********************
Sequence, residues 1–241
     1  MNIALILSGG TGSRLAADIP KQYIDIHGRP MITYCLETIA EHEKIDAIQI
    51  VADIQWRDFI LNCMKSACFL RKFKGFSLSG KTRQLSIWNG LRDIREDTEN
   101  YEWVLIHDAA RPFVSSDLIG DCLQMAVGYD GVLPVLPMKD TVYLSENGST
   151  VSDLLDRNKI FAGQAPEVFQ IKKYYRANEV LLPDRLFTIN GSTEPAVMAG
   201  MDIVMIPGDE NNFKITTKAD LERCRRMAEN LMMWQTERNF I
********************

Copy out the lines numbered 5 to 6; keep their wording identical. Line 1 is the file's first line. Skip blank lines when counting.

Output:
   151  VSDLLDRNKI FAGQAPEVFQ IKKYYRANEV LLPDRLFTIN GSTEPAVMAG
   201  MDIVMIPGDE NNFKITTKAD LERCRRMAEN LMMWQTERNF I